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The Lost City hydrothermal field’s most famous residents are methanogenic archaea. These methane-producing microbes grow thick, snotty biofilms all over the hydrothermal vent chimneys. But despite their success, a new study suggests these methanogens may be poorly equipped to colonize new chimneys, and may rely on nearby bacterial species to provide key carbon compounds.
DCO members Susan Lang (University of South Carolina, USA) Gretchen Früh-Green, Stefano Bernasconi, (both at ETH-Zurich, Switzerland), William Brazelton (University of Utah, USA), and Matthew Schrenk (Michigan State University, USA) investigated carbon cycling and microbial metabolism at the Lost City hydrothermal field. They applied genomic and isotopic techniques to previously collected hydrothermal vent samples to see how the community metabolizes formate, an organic acid formed from carbon from the mantle. The researchers discovered that methanogens could not use formate directly, but instead consumed carbon liberated by sulfate-reducing bacteria in the chimney. They report these findings in a new paper in Scientific Reports.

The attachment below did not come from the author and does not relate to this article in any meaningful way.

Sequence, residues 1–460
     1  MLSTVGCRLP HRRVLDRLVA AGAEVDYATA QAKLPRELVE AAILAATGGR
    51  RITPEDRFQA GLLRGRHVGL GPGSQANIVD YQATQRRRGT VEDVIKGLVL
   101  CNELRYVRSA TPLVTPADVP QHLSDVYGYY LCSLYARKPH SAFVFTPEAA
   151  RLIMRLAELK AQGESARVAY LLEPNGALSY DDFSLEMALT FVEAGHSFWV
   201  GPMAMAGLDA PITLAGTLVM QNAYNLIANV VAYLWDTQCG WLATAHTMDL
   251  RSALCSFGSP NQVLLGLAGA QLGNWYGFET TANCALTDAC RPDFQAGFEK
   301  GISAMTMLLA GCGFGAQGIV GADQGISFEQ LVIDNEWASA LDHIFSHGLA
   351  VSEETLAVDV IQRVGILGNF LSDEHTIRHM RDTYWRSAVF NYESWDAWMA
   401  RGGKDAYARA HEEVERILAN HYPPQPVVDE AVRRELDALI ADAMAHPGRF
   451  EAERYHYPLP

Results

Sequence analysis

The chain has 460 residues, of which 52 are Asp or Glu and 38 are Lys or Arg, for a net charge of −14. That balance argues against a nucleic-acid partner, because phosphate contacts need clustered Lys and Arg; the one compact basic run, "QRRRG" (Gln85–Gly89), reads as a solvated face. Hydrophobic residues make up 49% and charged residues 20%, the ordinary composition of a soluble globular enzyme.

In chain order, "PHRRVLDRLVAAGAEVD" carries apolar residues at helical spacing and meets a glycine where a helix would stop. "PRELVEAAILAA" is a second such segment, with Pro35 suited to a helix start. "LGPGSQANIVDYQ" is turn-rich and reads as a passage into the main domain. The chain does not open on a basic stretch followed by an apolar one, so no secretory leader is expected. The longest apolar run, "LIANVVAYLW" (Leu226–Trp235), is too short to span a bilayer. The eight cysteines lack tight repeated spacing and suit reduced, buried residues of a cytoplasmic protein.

Read more here.